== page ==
The government has just published it’s first set of advice on preparing for a ‘no deal’ Brexit scenario. The move comes amid increasing concern that time is running out to come to a long term agreement on trade and other regulations with the EU.
In a speech given on 23rd August, Brexit Secretary of State Dominic Raab – who was recently appointed following the resignation of David Davis – sought to assure us that the no-deal Brexit is still considered unlikely and ‘80% of the Withdrawal Agreement has now been agreed.’ This 80% will count for little if the remaining (most contentious) issues cannot be agreed. It is important to remember that without a full agreement, the ‘Implementation Period’ becomes null and void, and Britain will be fully out of the EU on 29th March 2019.
In addition, the government has released a series of technical notes to cover a range of concerns. Areas covered include farm subsidies, the status of UK nationals living in the EU and arrangements for financial services. Of most interest to us is the advice on trade, whiche includes a list of actions suggested for businesses to prepare.
The full range of advice can be accessed via the links below, but here are a few points in summary:
- Goods currently being traded with the EU will be treated the same as current non-EU movements, requiring customs declarations, and subject to duties, VAT and any relevant prohibitions and restrictions.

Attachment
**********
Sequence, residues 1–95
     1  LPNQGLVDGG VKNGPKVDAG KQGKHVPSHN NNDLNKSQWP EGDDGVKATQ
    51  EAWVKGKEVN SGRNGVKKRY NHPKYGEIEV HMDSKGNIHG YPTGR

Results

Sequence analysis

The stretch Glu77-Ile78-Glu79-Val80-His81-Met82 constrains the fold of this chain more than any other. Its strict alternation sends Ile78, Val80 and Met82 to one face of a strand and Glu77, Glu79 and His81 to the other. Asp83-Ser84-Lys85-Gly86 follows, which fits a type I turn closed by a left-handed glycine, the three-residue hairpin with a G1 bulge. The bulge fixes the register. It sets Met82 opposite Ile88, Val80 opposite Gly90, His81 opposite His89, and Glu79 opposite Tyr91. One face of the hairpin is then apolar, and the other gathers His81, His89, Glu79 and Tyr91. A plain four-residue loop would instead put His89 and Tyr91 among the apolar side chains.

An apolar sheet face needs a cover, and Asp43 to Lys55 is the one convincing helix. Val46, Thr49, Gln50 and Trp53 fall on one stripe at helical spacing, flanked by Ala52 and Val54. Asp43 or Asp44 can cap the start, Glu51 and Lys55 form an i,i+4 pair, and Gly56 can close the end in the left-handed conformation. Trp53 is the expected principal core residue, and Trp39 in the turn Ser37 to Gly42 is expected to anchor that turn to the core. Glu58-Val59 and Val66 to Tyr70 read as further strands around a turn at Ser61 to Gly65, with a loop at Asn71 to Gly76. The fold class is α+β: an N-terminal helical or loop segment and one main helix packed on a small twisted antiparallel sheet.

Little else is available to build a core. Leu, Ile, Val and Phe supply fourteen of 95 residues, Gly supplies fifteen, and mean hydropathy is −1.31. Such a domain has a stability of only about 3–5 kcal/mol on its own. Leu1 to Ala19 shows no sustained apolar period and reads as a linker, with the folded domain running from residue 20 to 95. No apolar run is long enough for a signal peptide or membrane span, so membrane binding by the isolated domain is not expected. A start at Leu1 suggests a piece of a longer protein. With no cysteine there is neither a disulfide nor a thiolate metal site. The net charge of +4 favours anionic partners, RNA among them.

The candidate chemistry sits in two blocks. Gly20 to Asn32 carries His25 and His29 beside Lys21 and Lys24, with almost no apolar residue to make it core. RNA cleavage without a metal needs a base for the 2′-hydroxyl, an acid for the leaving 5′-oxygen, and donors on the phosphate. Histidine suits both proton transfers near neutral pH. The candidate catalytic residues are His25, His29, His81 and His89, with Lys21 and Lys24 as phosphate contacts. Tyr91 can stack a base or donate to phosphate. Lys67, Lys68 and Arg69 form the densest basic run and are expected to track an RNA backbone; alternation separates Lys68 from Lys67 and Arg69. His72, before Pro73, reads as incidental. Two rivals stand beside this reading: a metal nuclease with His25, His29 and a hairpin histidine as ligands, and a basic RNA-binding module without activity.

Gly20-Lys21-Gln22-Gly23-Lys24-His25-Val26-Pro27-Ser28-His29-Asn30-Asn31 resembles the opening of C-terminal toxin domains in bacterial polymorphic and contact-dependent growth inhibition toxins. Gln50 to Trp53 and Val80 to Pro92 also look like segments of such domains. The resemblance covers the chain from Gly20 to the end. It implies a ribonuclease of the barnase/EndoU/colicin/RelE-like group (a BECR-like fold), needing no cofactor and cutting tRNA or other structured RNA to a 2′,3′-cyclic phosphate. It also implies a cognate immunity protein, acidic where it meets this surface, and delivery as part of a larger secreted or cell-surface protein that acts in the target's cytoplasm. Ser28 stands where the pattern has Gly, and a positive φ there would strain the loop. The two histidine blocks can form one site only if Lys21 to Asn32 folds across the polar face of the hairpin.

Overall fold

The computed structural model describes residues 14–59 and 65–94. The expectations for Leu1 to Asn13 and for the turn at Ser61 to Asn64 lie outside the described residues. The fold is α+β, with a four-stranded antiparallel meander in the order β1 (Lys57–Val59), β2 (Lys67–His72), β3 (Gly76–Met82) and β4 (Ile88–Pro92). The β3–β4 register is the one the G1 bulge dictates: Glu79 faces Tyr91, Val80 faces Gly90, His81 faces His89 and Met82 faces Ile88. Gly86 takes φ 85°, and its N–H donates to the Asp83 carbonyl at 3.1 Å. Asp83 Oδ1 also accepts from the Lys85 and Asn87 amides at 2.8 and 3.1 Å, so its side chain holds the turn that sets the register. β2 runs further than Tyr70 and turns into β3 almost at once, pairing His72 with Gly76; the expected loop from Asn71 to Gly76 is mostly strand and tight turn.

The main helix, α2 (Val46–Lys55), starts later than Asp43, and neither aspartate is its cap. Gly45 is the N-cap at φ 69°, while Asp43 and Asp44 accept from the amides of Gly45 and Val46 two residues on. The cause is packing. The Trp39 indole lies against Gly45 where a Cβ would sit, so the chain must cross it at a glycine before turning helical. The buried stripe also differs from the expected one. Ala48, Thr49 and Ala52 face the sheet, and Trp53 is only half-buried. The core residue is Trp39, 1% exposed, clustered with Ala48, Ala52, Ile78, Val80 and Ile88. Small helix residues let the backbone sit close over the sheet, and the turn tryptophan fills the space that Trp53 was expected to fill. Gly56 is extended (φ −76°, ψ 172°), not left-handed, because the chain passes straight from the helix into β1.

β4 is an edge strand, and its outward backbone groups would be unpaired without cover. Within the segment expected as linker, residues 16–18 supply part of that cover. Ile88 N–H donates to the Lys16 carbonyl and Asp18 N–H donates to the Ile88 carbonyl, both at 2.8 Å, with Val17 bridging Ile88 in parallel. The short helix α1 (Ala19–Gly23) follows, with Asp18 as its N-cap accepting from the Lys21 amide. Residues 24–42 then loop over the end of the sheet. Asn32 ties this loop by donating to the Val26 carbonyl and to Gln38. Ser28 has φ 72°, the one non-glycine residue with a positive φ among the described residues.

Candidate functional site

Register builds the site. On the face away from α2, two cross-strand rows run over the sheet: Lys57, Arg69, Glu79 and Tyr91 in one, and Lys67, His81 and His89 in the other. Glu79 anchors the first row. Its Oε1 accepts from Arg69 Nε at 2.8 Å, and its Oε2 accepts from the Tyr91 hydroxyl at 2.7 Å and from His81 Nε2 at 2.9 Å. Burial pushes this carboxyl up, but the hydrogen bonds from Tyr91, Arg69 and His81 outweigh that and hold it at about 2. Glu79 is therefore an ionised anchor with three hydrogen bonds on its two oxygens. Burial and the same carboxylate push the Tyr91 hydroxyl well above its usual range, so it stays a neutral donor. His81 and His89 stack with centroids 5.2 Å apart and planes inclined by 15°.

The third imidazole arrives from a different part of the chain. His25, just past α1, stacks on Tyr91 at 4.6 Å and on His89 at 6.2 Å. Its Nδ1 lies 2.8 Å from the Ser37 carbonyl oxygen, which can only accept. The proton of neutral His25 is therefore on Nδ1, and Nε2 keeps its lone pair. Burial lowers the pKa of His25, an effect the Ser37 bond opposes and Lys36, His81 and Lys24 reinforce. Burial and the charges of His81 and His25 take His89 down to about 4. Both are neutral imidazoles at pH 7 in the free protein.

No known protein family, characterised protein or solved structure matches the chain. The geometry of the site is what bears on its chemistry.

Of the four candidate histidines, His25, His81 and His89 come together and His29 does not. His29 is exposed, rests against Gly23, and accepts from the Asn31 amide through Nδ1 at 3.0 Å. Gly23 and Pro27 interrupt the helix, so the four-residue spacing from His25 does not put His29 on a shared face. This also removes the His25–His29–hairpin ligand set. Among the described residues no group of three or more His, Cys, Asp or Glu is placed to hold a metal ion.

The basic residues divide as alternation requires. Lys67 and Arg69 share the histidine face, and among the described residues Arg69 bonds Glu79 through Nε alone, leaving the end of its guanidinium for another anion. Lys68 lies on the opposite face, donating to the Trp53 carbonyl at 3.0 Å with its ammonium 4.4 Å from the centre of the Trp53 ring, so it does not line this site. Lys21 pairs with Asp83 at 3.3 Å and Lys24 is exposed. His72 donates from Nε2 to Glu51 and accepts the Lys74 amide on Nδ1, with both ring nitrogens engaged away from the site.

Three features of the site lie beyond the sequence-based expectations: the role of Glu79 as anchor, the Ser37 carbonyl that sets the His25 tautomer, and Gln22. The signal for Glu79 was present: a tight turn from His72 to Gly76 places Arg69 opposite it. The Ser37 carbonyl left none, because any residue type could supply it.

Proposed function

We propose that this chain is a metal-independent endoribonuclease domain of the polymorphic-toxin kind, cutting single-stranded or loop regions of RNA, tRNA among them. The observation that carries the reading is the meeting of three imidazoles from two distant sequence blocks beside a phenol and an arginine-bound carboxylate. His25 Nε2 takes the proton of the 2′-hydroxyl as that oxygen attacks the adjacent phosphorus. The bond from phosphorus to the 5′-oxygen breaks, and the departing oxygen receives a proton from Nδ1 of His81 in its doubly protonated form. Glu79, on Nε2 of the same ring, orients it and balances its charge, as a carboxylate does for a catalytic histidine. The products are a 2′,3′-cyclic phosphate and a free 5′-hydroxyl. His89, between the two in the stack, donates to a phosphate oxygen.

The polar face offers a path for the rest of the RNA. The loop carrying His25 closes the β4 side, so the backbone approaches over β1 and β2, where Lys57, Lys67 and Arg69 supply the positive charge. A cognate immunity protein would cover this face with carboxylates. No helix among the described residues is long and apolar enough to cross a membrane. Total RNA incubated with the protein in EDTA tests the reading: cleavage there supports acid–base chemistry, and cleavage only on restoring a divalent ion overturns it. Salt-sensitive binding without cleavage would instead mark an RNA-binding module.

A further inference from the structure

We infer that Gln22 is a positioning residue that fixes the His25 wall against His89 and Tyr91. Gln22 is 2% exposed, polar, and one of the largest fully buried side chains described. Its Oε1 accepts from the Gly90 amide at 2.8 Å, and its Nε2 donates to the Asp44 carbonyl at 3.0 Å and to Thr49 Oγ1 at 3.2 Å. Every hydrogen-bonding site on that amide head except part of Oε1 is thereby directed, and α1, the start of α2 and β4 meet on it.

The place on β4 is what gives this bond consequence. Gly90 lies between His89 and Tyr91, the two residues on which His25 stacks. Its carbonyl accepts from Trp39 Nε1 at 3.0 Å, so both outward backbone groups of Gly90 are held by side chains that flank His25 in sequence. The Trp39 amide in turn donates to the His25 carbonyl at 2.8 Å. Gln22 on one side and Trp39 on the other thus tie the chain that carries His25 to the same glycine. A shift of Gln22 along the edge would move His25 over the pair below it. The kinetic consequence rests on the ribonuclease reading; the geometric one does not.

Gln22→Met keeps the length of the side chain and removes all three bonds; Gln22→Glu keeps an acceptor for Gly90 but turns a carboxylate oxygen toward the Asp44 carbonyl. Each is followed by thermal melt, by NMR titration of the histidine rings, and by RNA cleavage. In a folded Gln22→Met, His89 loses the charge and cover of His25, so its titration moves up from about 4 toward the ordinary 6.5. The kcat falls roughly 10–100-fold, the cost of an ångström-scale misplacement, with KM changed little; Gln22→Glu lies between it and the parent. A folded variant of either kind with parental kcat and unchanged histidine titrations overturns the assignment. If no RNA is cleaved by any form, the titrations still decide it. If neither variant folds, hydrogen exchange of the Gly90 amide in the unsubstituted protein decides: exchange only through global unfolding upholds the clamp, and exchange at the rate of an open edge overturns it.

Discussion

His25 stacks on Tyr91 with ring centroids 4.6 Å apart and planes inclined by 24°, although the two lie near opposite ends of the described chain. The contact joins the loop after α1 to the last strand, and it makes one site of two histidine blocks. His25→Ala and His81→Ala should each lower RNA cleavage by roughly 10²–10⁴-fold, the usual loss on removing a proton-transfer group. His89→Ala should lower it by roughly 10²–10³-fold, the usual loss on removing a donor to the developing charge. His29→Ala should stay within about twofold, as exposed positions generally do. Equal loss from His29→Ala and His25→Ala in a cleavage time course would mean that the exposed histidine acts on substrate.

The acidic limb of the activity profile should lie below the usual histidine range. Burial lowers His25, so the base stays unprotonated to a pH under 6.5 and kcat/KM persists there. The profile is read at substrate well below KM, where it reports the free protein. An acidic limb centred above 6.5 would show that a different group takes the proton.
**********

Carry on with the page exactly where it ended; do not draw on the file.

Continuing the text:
- Businesses trading with the EU will need to register for an EORI number
- Import and export declarations will require the use of a customs broker, or the software and authorisation to operate ‘in house’
- Goods will need to be classified via the customs tariff
- Those affected should consider which customs procedure is most appropriate, and be prepared to consult with customs professionals for the best advice.
- Overall impacts on the whole supply chain should be taken into account.
- The government has applied to re-join the Common Transit Convention (CTC) which allows charges due on goods to be paid only in the country of destination.
- Measures for trade across the Irish land border will depend on policies of the Irish government and the EU, and affected operators should seek advice from the Irish government.
Businesses already trading with non-EU countries will be familiar with most of these items, and will mainly need to focus on expanding their current processes to include EU trade. Those who trade wholly within the EU have the bigger adjustment to make. Either way there are costs involved, and the potential for increased resources to be needed. At the same time, bear in mind that this is still just contingency planning for an event that the government hopes to avoid. But should Britain leave with no deal in March 2019, the greatest costs will be for those who have not prepared.
If you have questions or concerns, or need any advice on Brexit planning, please do not hesitate to contact us.